After getting the first job, the next challenge for me was to perform efficiently at the studio. During animation productions, you have to create performances that are meaningful, full of personality and within a particular timeline. The movie has a release date and we have to respect both the quality of animation and also the timeline, as your work affects all the other departments. On top of that, if there are ways that you can showcase more interesting acting choices or solid body mechanics, that can really help you stand out. It is hard to do so when you are surrounded by immensely talented individuals, but that is the challenge. A very healthy competition among peers helps each other improve daily.
Challenge 3 :
The last challenge is to stay motivated. It is not easy to stay motivated at all times. There are some shows I like more than others and some shots or sequences are more challenging/fun than others. An artist could also reach a burnout stage if he pushes himself too much without breaks. I would say what worked for me was taking sufficient breaks, prioritizing personal time/mental health over work (this is hard because as an artist you never want to give less effort to any of your shots and sometimes you might ignore everything while trying to pour too much of yourself into your work). Breaks helped me clear my mind and come back to work fresher. I also watched older cartoons/ movies to get motivated.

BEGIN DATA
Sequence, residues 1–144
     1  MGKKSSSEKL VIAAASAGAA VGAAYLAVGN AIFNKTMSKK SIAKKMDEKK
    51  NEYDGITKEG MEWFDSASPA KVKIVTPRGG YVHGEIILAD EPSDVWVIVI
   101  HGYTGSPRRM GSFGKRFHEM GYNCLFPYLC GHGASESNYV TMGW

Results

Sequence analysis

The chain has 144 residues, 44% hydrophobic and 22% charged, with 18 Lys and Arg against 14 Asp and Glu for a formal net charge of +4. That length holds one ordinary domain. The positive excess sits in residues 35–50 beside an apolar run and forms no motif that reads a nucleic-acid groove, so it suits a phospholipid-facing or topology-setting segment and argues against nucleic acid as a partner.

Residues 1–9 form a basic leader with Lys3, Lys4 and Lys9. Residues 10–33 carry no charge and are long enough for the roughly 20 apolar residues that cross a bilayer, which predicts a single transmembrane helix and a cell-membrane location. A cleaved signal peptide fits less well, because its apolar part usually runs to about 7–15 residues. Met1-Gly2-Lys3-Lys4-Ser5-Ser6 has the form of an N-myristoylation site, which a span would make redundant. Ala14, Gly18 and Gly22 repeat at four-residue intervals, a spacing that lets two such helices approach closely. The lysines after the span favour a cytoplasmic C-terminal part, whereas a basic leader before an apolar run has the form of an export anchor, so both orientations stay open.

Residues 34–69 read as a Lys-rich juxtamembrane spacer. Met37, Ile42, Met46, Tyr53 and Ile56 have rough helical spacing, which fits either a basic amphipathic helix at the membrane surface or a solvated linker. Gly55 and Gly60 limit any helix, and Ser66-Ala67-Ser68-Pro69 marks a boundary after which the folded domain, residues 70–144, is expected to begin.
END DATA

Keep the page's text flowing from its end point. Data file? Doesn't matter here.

Where do you work now?
I am now working at my dream Studio – Walt Disney Animation Studios. In order to be able to work at Disney, you need to have an animation demo reel that clearly shows good acting and personality, and some nice close ups of facial animation. Showing some good mechanics in your reel also can go a long way. They also look at how well you polish your work (polish is the final layer of animation finesse we give to a shot to make sure that the character moves smoothly, and every frame looks beautiful). It took me over 10 years of working at different studios to be able to get to this level of craftsmanship that resulted in Disney accepting my reel and interviewing me.
What are your primary skills in animation?
My primary skills are to animate a character only. We don’t model or rig the characters, nor do we light and render them. In our role we primarily breathe life into a static character. Animators are responsible for creating believable performances of characters in a movie. This involves any action/acting or movement of a character that we see in a movie. I enjoy acting a lot and to be able to silently act through the characters of the movie, and thus creating entertainment, is highly rewarding.
What’s a typical day like?
We get shots assigned by the Director/Head of Animation. We usually discuss the expected performance to get an idea/feel for what they are seeking. I rely a lot on shooting references to be able to get truthful/ raw performances for the characters in the movie. After we are able to get the performance of our character done, we spend a lot of time polishing and refining the animation so that every frame looks beautiful. I got to animate some very complex body mechanics shots coupled with subtle acting shots involving the hero characters of the movie, and getting the support of the supervisors at Disney helped elevate the work. There is truly magic in the air while working at Disney because of the state-of-the-art craftsmanship of the people at the studio and how encouraging and contagious the artistic environment is.